Record number of Americans have signed up for Obamacare this year, HHS says

Ella Castle

A record number of Americans have signed up for health insurance through Affordable Care Act (ACA) marketplaces this year, according to early data published by the Biden administration this week. More than 15 million people have enrolled in 2024 coverage under the ACA — often called by its nickname, Obamacare […]

A record number of Americans have signed up for health insurance through Affordable Care Act (ACA) marketplaces this year, according to early data published by the Biden administration this week.

More than 15 million people have enrolled in 2024 coverage under the ACA — often called by its nickname, Obamacare — as of Dec. 15, which is 33% higher than the roughly 11 million who did so last year.

This figure includes those who have bought insurance through state-based marketplaces or at HealthCare.gov, the website run by the federal government.

The Department of Health & Human Services said it expects more than 19 million to enroll by the deadline of 5 a.m. ET on Jan. 17, 2024 — about 7 million more people than when President Joe Biden took office. Their coverage will begin on Feb. 1.

On Dec. 15 alone, more than 745,000 enrolled in plans on HealthCare.gov. Health officials said it was the highest number of visitors ever recorded since the portal rolled out in 2013.

“Millions of Americans signing up for health care coverage under the Affordable Care Act is good news. It means more Americans have the peace of mind of knowing that going to the doctor won’t empty their bank account,” HHS Secretary Xavier Becerra said in a statement. “The Biden-Harris Administration will continue working to expand health care coverage and lower prescription drug costs, so taking care of your health is not a luxury.”

PHOTO: Insurance agent Maria Collado, center right, works with clients at a shopping mall kiosk run by Las Madrinas de los Seguros, Spanish for "The Godmothers of Insurance," at a shopping center in Miami on Dec. 5, 2023.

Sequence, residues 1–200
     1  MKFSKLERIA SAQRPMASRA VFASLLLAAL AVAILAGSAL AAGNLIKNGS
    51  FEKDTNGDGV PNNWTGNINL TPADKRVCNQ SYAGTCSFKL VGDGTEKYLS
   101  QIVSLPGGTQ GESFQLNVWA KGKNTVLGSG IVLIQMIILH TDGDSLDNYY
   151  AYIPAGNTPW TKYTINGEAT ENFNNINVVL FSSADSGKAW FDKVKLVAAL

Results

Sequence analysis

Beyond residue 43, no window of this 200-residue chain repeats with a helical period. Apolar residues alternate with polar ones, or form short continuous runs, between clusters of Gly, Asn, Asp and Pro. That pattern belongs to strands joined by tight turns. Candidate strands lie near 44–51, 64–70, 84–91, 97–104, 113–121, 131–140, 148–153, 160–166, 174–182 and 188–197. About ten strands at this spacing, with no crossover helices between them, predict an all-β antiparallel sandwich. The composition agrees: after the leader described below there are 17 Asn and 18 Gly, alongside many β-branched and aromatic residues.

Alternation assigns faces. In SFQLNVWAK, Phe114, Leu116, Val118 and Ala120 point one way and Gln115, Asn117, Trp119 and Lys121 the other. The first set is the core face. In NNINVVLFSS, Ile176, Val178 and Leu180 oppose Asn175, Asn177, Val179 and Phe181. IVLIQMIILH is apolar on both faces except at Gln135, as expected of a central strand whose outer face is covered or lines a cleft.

Insurance agent Maria Collado, center right, works with clients at a shopping mall kiosk run by Las Madrinas de los Seguros, Spanish for “The Godmothers of Insurance,” at a shopping center in Miami on Dec. 5, 2023.

Rebecca Blackwell/AP

HHS did not immediately reply to ABC News’ request for comment.

One reason for increased enrollment is likely due to millions of Americans losing Medicaid, a government program that provides health insurance for adults and children with low incomes.

During the COVID-19 pandemic, when the government issued its two emergencies, states were not allowed to delist people so nearly 95 million people received coverage through Medicaid by the end of March 2023, according to nonprofit KFF.

States were also given additional federal funding for the last three years to provide continuous Medicaid coverage, ensuring no one lost health care amid the throes of COVID-19.

When the Biden administration ended both the COVID-19 national emergency and public health emergency on May 11 of this year, states began reviewing their rolls to see if enrollees were still eligible for government-funded health care.

More than 13.3 Medicaid enrollees have been removed as of Dec. 20, according to KFF. The nonprofit believes this is actually an undercount due to lags in state data.

Another reason for the increased enrollment could be the number of people who became uninsured under former President Donald Trump’s administration. Gallup data shows that in 2019, 13.7% of adults were without health insurance.

While this is lower than the percentage of Americans that were without health insurance before the ACA, the Trump administration ended cost-sharing reduction, rolled back the individual mandate penalty and cut back on enrollment outreach, according to Gallup.

Trump has vowed to replace the ACA with his own health care plan if elected president again.

Despite the record enrollment, more than 25.6 million non-elderly Americans were uninsured in 2022, according to KFF. HHS says the Biden administration “continues to make increasing coverage a top priority” through provisions in the Inflation Reduction Act that result in savings and a competitive marketplace.

ABC News’ Cheyenne Haslett contributed to this report.

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